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Home News It’s breast cancer awareness month and one of our receptionists, @alexaambr0425 is showing her support! Another great tat by @cat.tattoos
It’s breast cancer awareness month and one of our receptionists, @alexaambr0425 is showing her support! Another great tat by @cat.tattoos

Boston Barber & Tattoo on Instagram. from:

For all those women out there that have been through hard times, we suggest to check where you will find the best way to enhance your breast in a natural way.

One of my closest friends is a two-time breast cancer survivor. Terry (as I’ll call her) has been cancer free for eight years—long enough to be considered cured (generally defined as being in remission at least five years). But in no way is she “free” of cancer. Every abnormal blood test, every callback for another mammogram terrifies her so badly she can’t sleep until doctors rule out a recurrence. In some ways, the ongoing psychological and emotional challenges she faces have been worse than the physical treatments she endured.

I thought about Terry when I read the latest government statistics on the number of cancer survivors in this country. Nearly 12 million Americans—4% of the population—are still alive after a cancer diagnosis.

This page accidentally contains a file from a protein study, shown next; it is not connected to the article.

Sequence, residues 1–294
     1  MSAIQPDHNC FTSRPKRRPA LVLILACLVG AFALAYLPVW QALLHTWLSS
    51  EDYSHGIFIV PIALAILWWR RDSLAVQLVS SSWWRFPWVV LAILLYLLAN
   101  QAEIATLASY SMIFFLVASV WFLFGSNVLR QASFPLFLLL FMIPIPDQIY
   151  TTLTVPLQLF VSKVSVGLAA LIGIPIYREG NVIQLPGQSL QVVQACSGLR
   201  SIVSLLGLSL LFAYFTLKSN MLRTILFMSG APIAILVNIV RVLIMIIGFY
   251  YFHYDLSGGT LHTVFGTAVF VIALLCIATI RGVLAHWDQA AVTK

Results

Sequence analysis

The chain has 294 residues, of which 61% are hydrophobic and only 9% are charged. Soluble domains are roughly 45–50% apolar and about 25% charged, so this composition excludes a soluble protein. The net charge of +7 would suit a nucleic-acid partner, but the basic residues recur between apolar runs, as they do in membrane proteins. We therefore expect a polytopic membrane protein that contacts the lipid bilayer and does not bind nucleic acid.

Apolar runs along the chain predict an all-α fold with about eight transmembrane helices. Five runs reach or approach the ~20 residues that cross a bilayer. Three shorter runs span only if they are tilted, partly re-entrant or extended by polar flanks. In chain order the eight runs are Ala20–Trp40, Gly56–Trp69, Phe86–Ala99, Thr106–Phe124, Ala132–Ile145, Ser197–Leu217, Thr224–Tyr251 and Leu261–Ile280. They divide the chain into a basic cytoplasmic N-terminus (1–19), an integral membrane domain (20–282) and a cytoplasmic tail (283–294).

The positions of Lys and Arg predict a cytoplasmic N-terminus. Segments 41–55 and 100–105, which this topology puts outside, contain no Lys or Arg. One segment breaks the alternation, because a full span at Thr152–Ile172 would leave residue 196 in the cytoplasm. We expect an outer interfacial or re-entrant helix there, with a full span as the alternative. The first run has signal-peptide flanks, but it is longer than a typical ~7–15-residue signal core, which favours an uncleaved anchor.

In many respects this is terrific news, and a testament to improved diagnosis and treatment options. But survivorship comes at a psychological price. We discussed these challenges at length in the Harvard Mental Health Letter, but here’s a quick look at some of the major issues. At the end of the post, don’t forget to check the Mesothelioma Explained | Mesothelioma doctors who can help you when facing a hard situation.

“Damocles syndrome.” According to Greek legend, once Damocles realized that a sword was dangling precariously over his head, he could no longer enjoy the banquet spread in front of him. In the same way, the specter of cancer hangs over some cancer survivors. They can become emotionally paralyzed and have a hard time deciding to get married, change jobs, or make other major decisions.

Fear of recurrence. Given cancer’s potential to lay dormant for a while and then spread (metastasize), cancer survivors often experience ongoing fear of recurrence. For example if you have breast cancer there is a risk that you can develop ovarian cancer also depending on your family history. Find here the Ovarian Cancer Symptoms.

Follow-up medical visits, unexplained pain, or even sights and sounds they associate with treatment can trigger bouts of anxiety and fear that are as debilitating as those that occurred during cancer treatment.

Survivor guilt. Although happy to be alive, cancer survivors may feel guilty that they survived while fellow patients they became friendly with during treatment or as part of a support group did not. (Early after a diagnosis of cancer, people first ask, “Why me?” When survivors think about those who have died, they tend to ask, “Why not me?”)

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